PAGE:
The Third-Generation Type 90 Kyū-maru (90式戦車 Kyū-maru-shiki-sensha) was developed to match the western power’s most up-to-date Main Battle Tanks, namely the American M1 Abrams, and the German Leopard 2. It would bolster the Japanese Ground Self-Defense Force’s armored units as they phased out the Type 61, and reduced the number of operational Type 74s.
The Type 90’s design process started right after the Type 74 entered service, with the first specifications drawn up in 1980. Before that, it was thought the T-72 was equal if not superior to the Type 74 in some areas. Mitsubishi Heavy Industries, the backbone of Japanese Tank design, joined forces with the TRDI (Japan Defense Agency’s Technology Research and Development Institute) to design the TK-X MBT, which was later tested in 1976-1977. Other subcontractors joined the process, including Japan Steel Works, Daikin Industries, Mitsubishi Electric, Fujitsu, and NEC.
Japanese Jm-122 APFSDS cutaway
The great novelty was, of course, the 120 mm gun, ready and tested in 1982. It was, in fact, the German-designed Rheinmetall L44 found on the Leopard 2 and M1 Abrams. It was manufactured under license by Japan Steel Works Limited and fired ammunitions by Daikin Industries Limited. In 1984, tests were terminated, while other departments were developing the Turret and Modular type ceramic composite armor until 1986. In 1986-88, the second wave of prototypes was built and tested in 1989.
This run of prototypes produced the final pre-production prototype. The first production of 30 vehicles left the Mitsubishi factory lines at the beginning of 1990.
The hull (entirely welded, with Japanese very high-quality steel RHA) is given a very sloped, almost flat glacis, like its contemporaries such as the Abrams. The driver, positioned in the front left, is given a sliding hatch and three periscopes, with a central day/night sight.
The gunner is located right behind him in the turret, and has his own one-piece hatch and vision unit, with a digital IR sight of 10x magnification and rangefinder display.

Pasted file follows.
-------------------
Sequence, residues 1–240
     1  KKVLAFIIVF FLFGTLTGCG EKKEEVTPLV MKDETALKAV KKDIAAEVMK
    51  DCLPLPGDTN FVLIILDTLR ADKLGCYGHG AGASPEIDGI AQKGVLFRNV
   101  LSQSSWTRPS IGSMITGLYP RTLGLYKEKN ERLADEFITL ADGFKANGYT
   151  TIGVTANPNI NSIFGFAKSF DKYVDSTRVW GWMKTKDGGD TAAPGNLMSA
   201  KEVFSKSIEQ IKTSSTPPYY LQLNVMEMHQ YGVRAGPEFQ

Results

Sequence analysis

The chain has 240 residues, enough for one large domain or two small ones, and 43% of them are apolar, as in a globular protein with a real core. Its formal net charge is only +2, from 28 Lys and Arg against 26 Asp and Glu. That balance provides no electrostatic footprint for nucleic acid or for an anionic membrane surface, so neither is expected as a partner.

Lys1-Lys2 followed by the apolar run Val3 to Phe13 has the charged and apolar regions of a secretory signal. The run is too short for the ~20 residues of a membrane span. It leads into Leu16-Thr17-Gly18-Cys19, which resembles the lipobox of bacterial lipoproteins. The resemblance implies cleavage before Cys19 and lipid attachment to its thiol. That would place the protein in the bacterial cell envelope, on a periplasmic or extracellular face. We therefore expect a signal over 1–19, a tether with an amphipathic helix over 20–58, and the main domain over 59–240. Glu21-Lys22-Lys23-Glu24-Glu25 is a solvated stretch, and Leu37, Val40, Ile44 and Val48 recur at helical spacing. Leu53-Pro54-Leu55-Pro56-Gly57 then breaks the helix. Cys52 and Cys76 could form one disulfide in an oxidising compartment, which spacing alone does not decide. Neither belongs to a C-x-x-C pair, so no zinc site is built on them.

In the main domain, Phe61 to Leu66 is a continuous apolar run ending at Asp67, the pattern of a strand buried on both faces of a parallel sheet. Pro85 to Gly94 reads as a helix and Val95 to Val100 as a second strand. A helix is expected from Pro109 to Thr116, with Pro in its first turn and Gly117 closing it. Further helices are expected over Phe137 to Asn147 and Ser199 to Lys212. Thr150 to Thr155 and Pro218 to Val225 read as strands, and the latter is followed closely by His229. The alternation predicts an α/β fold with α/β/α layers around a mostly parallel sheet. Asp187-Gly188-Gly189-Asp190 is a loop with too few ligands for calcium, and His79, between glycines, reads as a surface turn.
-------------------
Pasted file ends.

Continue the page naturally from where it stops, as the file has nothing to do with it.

The commander is located on the right, and have its own cupola with height vision blocks and his own periscopic sight with 3×/10× (day-only magnification). The later has a −29 to +29 degrees elevation and 180 degrees traverse. Generally speaking, the Type 90 remains smaller than the Abrams and Leopard 2 and is quite as fast as the best Russian tanks.
The general design of the turret is reminiscent of the Leopard 2A1-A4 with a slab-sided modular assembly. The Exact composition of the armor remains classified but comprises sandwich structures with ceramic and steel, possibly steel alloys and other composites. Damaged blocks can be easily removed and replaced in the field.
The crew has full NBC (nuclear, biological, chemical) protection comprised of a collective system with overpressure and crew compartment and engine compartment automatic detector/fire extinguishers. The hull’s sides are protected by side skirts. The turret front is proof against JM-33 120 mm APFSDS projectiles (fire by the “short” L44 gun) and sides can defeat up to 35 mm APDS rounds (Equivalent to 90 millimeters of RHA at 1,000m).
Close view of the FCS and front-left turret armored module
The only foreign part in the tank is the German Rheinmetall 120 mm also shared by the Leopard 2, M1A1/A2 Abrams and Korean K1A1. It allows full NATO standard ammunition compatibility. The great novelty, however, is the use of a Mitsubishi-designed mechanical bustle autoloader of the conveyor-belt type. It allows the reduction of the turret size and crew. All the rear of the turret is therefore used for storage of the 120 mm rounds, with blow-off panels for extra security. The reloading rate varies. It can be as fast as just 2 seconds of during sustained fire, while the complete loading and firing cycle for one given target is around 4–6 seconds for a well-trained crew.
A Type 90 at the 2009 Firepower in Fuji event firing its main Armament.
Secondary armament comprises a coaxial 7.62 mm light machine gun left of the main gun (firing tracers), and the roof multipurpose 12,7 mm Browning M2HB (cal.50) licensed for production to the Sumitomo Heavy Industries. It is placed on a pintle between the commander and gunner’s hatch, slightly offset to the left. Ammunition provision comprises 39 rounds for the main gun, 1,500 for the heavy machine gun and 2,000 for the coaxial. Extra protection is given by two banks of smoke dischargers, three or four each, firing smoke rounds for concealment. There is no confirmation they can also fire AP grenades or IR flares.